We see very high engagement rates for gamified elearning – our competitors report the same. The reason is that gamification (with its many elements) can quite easily encourage learning completion and also serve micro-chunks of learning effectively, which is how employees would like to consume learning.
Kapp: GamEffective is able to tie into an employee’s actual performance on the job and Gamify that performance, can you explain or give an example of how that works?
Floman: Let’s imagine an employee needs to be familiar with products A, B and C in order to do their job well. Maybe they are selling a product, maybe they need to consult clients on how to best make use of these products and maybe they are servicing them. In any case, they need to know these products well. Now let’s assume the company also has a sales or service tracking system in place. In this case, the company will know whether the employee has performed certain activities with regards to products A, B and C. What gamification can do is this: first serve “plain gamified” microlearning upon the introduction of a new product A, B or C. As time goes by, the system tracks real time employee performance (together with a daily dose of some retrieval practice, so whatever was learned won’t get lost). When performance lags, the system offers learning accordingly. For instance, an employee that isn’t offering product C as they should can get more training about it, or about how to offer it.
Another example is error rates. Imagine that we can see an employee isn’t using enterprise software correctly, through a certain error rate pattern. In this case we can apply learning that remedies that issue by providing the right learning, forming the right habits or micro-behaviors etc.
Kapp: GamEffective uses a variety of game elements to motivate employees including” “red” and “green” days, performance prediction and giving kudos to other employees…can you talk about some of these elements.
Flowman: If you look at many learning platforms, you’ll notice many offer “gamification” – and when you check that a little more, you see that they offer points badges and leaderboards. However, these aren’t enough – they are important but can’t drive long term engagement. One reason is that they are extrinsic, and those types of motivation drivers tend to wear off. Competing against yourself is always more effective than competing with others. Additionally, points, badges and leaderboards can become meaningless at some point – do you care if you have more or less points than another 300 people for a non-core activity? That’s why we try to offer many gamification elements, focusing on intrinsic motivation.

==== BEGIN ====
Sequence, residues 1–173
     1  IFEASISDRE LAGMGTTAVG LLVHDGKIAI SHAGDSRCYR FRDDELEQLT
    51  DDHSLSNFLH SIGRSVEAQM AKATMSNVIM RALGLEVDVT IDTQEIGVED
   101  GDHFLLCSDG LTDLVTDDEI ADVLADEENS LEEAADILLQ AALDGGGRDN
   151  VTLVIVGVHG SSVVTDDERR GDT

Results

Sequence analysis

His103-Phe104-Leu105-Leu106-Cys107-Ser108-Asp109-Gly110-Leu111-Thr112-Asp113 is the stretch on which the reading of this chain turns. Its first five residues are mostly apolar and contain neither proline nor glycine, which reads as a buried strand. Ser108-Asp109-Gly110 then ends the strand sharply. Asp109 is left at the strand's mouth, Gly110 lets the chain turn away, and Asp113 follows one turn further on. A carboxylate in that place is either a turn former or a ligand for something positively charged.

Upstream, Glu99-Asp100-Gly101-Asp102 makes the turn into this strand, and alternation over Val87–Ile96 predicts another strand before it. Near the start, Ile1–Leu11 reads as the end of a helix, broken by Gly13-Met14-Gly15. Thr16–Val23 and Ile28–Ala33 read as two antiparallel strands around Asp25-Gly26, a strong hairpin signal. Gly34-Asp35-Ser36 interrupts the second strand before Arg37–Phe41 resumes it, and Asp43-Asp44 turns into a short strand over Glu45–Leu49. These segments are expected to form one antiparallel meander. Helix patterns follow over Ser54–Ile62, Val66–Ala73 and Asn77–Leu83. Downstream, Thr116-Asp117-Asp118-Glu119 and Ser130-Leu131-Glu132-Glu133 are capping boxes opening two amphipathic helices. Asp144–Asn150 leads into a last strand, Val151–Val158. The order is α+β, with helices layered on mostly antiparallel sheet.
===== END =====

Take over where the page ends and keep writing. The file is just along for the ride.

Some elements are green-day-red-day (encouraging reflection during the workday), betting on yourself, challenging a peer etc. Others are more about what we call engagement automation – which is to have the system issue notifications per audience and the activity of the user.
Kapp: What advice would you have for instructional design students who are just entering the field?
Floman: The quality of the content is the most important. Gamification is important and powerful, but high quality content is the most important thing. Another thing to keep in mind is time to launch. Great content shouldn’t be prepared at the cost of time. I think that the effective use of microlearning can address both these issues. Another of my favorites is micro – behaviors. We’re using learning to create effective work habits. For each microlearning piece you deliver try to think of a micro behavior that would instill a habit and workplace meaning into what the person has just learned.